Skip to main content

See also:

Signs of change at Afton Alps

Signs of change at Afton Alps
Signs of change at Afton Alps
John LaPlante

Vail Resorts made news earlier this year when it purchased two resorts in the Midwest, including Afton Alps. It stated its intention to spend $10 million renovating Afton, and over the summer, announced various changes, including a new fleet of snowguns, expansions to the largest terrain park, and upgrades to some buildings.

So now that we’re well into the season, what has changed? New signs, some new restrooms, a new terrain park, a new ticketing system, and new music, for starters.

Terrain parks have become more prominent under Vail's management. Dee's Dive, a small, steep slope, has been turned into a home for three large jumps. The land previously dedicated to tubing has been incorporated into a larger park, which now sports a sound system and rope tows.

Accompanying the expanded terrain park is a new mini-base area called the Landing Zone, or LZ. It's not completely finished, but it includes a new yurt, some chairs for spectators who wish to view the hill, and a repurposing of the old tubing chalet. For example, you can now purchase alcoholic beverages in the chalet, and then collapse into one of six oversized stuffed pillows. A new sound system blasts music both inside and outside the chalet and yurt.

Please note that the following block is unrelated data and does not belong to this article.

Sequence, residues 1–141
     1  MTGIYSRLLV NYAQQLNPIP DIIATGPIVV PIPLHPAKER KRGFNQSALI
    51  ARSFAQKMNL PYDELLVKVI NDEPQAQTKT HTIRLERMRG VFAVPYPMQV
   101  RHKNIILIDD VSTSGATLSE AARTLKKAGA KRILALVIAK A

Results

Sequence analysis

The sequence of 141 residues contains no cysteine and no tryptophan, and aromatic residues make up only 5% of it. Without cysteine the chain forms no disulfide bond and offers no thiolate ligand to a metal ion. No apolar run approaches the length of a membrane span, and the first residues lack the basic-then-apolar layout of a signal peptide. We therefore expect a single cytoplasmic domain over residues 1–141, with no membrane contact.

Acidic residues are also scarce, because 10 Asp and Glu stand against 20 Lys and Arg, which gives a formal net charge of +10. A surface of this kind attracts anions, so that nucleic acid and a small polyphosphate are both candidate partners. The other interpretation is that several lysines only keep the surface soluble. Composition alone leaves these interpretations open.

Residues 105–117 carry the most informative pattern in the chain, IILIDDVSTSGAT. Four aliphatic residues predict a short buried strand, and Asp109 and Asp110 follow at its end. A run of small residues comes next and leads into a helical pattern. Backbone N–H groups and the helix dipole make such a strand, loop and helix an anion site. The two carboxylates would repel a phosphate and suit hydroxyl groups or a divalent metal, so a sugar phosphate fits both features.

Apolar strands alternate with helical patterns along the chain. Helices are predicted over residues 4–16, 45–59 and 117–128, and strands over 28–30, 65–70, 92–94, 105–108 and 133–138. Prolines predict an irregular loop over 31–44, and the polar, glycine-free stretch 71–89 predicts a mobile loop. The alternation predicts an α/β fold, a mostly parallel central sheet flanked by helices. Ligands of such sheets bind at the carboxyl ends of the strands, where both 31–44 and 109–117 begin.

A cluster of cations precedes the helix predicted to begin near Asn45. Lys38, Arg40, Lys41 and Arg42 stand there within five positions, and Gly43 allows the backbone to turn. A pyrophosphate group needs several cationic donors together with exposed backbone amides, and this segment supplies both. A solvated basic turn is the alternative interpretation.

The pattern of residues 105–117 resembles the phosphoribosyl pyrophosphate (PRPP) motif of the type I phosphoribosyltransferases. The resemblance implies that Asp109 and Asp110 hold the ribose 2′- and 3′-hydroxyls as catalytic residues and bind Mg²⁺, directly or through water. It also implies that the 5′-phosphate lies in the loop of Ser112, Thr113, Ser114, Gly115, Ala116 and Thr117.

The Highlands chalet has seen some updates, too. The bar there, now prominently called the Crest Mountain Grill, is more open and lighter, thanks to new furniture and the destruction of the loft.

The ticketing system, meanwhile, has switched from paper to plastic, and emphasizes Vail's in-house version of Alpine Replay or Map My Ride, two popular phone apps for tracking and sharing skiing/riding exploits.

These are just a few of the changes you may spot on your next visit to Afton Alps. For more, see the full review at Twin Cities Ski & Ride.